Some days in Caps history mark significant milestones or important events. Others are just, well…odd in an unexpected way. Such was August 10, 2005, in Washington Capitals history. The day before, the club signed free agents Andrew Cassels and Lawrence Nycholat to help fill out a rather thin squad as the team was headed toward their first training camp since the 2004-2005 lockout. On this date, the team signed two more players, both defensemen – Mathieu Biron and Ivan Majesky.
Both were 20-something players who had knocked around a bit. Biron was 25 years old but already had five NHL seasons on his resume. He also had four NHL stops on that resume – Los Angeles (who drafted him, but for whom he never played a game), the New York Islanders, the Tampa Bay Lightning, and the Florida Panthers. Majesky got a late start on his NHL career, not appearing in an NHL game until he was 26 years old, with the Panthers, but he had both the Panthers and the Atlanta Thrashers as stops in his two-year career before landing in Washington.
It could reasonably be said that neither Biron nor Majesky would be considered among the top 50 defensemen ever to pull on a Capitals’ sweater (they rank 92nd and 88th, respectively, in games played for the franchise among defensemen). In fact, for both Biron and Majesky, their first seasons with the Caps in 2005-2006 would be their last seasons with the Caps. Their last seasons in the NHL, in fact. Not that they were bad, in the context of their respective careers. Biron would tie a personal best of 13 points in 52 games played with Washington, while Majesky appeared in 57 games for the Caps.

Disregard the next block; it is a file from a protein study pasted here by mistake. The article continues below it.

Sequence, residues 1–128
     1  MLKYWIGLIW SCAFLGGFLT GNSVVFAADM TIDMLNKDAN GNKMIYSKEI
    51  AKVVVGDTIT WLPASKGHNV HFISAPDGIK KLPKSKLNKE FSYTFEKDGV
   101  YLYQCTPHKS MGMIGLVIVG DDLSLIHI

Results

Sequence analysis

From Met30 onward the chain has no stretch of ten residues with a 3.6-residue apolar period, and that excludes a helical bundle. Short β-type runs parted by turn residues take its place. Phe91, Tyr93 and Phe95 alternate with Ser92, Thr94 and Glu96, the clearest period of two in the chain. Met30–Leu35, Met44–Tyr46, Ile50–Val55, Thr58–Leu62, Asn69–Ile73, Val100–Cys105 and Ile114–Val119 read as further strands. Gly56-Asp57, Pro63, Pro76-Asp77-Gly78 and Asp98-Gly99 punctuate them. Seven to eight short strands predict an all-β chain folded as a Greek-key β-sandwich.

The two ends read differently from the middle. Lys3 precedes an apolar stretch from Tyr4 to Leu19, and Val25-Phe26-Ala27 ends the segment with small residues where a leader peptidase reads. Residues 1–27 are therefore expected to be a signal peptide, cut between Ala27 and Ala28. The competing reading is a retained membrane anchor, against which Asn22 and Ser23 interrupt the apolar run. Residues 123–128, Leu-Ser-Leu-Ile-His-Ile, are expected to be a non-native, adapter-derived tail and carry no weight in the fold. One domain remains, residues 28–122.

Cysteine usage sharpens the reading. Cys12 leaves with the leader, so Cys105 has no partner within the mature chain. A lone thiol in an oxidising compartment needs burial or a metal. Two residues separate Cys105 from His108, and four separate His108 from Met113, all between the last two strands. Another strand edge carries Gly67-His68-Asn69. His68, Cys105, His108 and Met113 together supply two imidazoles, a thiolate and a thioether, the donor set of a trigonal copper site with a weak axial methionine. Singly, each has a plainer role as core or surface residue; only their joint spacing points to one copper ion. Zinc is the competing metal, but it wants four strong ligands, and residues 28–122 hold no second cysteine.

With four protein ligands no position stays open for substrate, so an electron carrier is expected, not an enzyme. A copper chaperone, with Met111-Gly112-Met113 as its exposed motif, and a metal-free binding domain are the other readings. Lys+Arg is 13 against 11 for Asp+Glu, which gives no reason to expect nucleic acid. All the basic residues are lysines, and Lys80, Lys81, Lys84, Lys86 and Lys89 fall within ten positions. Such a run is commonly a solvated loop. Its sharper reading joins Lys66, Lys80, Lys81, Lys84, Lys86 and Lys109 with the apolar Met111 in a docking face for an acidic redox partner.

So, what makes this date and these two defensemen worthy of notice? Actually, it is Majesky that is of particular interest here. Not for his body of work, which was unremarkable on an unremarkable team. It was for a moment, a single play. Consider that Majesky is one of 13 defensemen since the 2005-2006 season to record a single goal in a season and have that goal be a shorthanded one (oddly enough, he was not the only Capital to do it; Jeff Schultz did it in 2008-2009).
What makes Majesky’s moment memorable, a glimmer of joy in what was otherwise a period lacking in success, were the circumstances surrounding the goal. The date was March 8, 2006. The Caps were dead last in the Southeast Division, sporting a 21-33-6 record. It might have been the worst record in the Eastern Conference but for their opponent that night. The Pittsburgh Penguins were waddling along with a 14-36-12 record, worst in the entire league.
The teams exchanged goals early in the first period, Colby Armstrong opening the scoring for the visitors and Ben Clymer tying the game shortly thereafter. Chris Clark gave the Caps their first lead mid-way through the frame. Three minutes after the Clark goal, Jeff Halpern was sent to the penalty box for interference, giving the Penguins a power play. The Caps were less than 15 seconds from killing off the penalty when the wheel of fortune came to a stop at “Ivan Majesky.” Shaone Morrisonn collected a sliding puck in his own end and sent it across to Majesky on the opposite side near the players bench. And then this happened…
It was a lighthearted moment in a 6-3 Caps win against perhaps their most bitter rival, even if both clubs were in the midst of rebuilding efforts. But for a stroke of a pen in August of 2005, Caps fans – not to mention Majesky himself – would have been denied this odd, yet charming moment in history.
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